Regarding the second group –  those who appear in porn specifically – different legal definitions of trafficking would suggest this number is on the one hand enormous, but also hidden.  

For example, take the definition found in the Trafficking Victims Protection Act in the US:

“the recruitment, harboring, transportation, provision, or obtaining of a person for the purpose of a commercial sex act.”

The conjunctive here is “or”, not “and”, which is a very important legal distinction. If somebody is “recruited” for the purpose of a commercial sex act, they have been trafficked. If they have been transported for the purpose of a commercial sex act, they have been trafficked. While the TVPA requires “force, fraud, or coercion” to have been imposed on the victim, which may skew statistics somewhat when acknowledging that not everybody who agrees to something necessarily has the “freedom or capacity” to substantiate that consent, there are still reports as to how prevalent this is.

For example, the GirlsDoPorn lawsuit last year found 22 women who had been exploited through fraud/coercion, although the lawsuit alleged the number of women was actually in the hundreds; looking further afield, this is also prevalent in Japan where women are tricked (read: frauded) into “modelling shoots” that then transpire to be porn shoots.

On this point: “In 2016, 100 women sought help from Lighthouse, which supports victims of human trafficking, and People Against Pornography and Sexual Violence – a dramatic rise from the 62 cases recorded for the whole of 2015 and just 36 the year before.”

This would also fit the Palermo Protocol definition of trafficking: “the recruitment … by means of threat or use of force or other forms of coercion,… of fraud, of deception, of the abuse of power or of a position of vulnerability or of the giving or receiving of payments or benefits to achieve the consent of a person having control over another person, for the purpose of exploitation. Exploitation shall include, at a minimum, the exploitation of the prostitution of others or other forms of sexual exploitation, forced labour or services…”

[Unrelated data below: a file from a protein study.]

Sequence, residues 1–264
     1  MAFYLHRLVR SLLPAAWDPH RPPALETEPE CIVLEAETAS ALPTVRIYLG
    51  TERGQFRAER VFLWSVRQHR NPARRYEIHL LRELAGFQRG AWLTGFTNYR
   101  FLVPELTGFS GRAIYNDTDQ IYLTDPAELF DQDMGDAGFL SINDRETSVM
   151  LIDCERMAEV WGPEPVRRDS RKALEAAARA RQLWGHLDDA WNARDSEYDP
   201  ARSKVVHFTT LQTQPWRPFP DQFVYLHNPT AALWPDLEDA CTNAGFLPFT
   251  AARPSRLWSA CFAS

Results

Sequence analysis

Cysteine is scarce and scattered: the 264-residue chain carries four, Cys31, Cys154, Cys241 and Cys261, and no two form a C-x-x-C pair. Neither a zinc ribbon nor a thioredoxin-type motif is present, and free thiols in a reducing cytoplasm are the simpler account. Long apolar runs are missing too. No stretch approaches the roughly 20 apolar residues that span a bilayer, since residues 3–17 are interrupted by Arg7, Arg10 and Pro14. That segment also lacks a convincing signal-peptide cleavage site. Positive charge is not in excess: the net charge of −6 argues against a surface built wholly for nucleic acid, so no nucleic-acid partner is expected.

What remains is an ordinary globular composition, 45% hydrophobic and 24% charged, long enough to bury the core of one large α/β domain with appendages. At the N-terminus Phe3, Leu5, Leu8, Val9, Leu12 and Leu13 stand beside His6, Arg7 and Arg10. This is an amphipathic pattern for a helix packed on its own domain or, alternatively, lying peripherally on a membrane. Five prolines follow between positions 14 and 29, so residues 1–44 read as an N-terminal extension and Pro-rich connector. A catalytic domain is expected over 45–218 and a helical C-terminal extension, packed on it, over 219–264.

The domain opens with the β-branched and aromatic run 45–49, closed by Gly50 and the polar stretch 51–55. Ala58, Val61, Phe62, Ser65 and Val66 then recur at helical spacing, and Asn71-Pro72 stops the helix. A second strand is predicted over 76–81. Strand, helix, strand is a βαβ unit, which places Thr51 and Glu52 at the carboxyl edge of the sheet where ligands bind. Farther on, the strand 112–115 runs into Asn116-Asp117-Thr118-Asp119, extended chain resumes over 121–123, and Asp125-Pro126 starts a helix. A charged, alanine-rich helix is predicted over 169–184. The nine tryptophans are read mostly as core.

When considering these international definitions of trafficking, the number of women globally who would fit the criteria to be considered a victim of trafficking (into porn) almost certainly numbers into the thousands, particularly when including porn sets, which as Fight the New Drug points out, contains “professional porn performers who have been tricked, forced, or coerced into doing a sex act on their “no” list, or having sex with a performer on their “no” list.”

For the unfamiliar, trafficking may seem one million miles away from the porn industry, which is undeniably visible and to an extent, “mainstream”. But the links are there. Trafficking thrives on, and in part drives, the entire industry. In the digital age, it is no longer possible to view different commercial sex industries as distinct; they are all fundamentally connected and reliant on each other for a continual supply of human beings to exploit, abuse, and profit from.

CEASE UK will not stop in our mission to push this conversation into the mainstream, and to change the conversation from “how can we make the porn industry better?” to “how can we abolish it entirely?” For those who care about the human rights of others not to be exploited, abused, and trafficked, it is time to shine a light on an industry that has profited from, and continues to profit from, exactly those things.

Image courtesy of Amy Lewis